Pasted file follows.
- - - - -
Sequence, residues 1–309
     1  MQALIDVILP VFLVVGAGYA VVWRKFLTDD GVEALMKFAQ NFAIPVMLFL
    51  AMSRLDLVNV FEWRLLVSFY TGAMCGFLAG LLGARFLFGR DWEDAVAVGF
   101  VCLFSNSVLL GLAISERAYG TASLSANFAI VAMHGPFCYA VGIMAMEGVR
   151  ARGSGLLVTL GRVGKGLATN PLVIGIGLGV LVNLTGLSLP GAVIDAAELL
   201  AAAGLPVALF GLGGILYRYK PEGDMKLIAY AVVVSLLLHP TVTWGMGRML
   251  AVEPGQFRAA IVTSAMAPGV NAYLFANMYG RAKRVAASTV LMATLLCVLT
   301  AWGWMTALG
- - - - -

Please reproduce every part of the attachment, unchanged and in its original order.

Sequence, residues 1–309
     1  MQALIDVILP VFLVVGAGYA VVWRKFLTDD GVEALMKFAQ NFAIPVMLFL
    51  AMSRLDLVNV FEWRLLVSFY TGAMCGFLAG LLGARFLFGR DWEDAVAVGF
   101  VCLFSNSVLL GLAISERAYG TASLSANFAI VAMHGPFCYA VGIMAMEGVR
   151  ARGSGLLVTL GRVGKGLATN PLVIGIGLGV LVNLTGLSLP GAVIDAAELL
   201  AAAGLPVALF GLGGILYRYK PEGDMKLIAY AVVVSLLLHP TVTWGMGRML
   251  AVEPGQFRAA IVTSAMAPGV NAYLFANMYG RAKRVAASTV LMATLLCVLT
   301  AWGWMTALG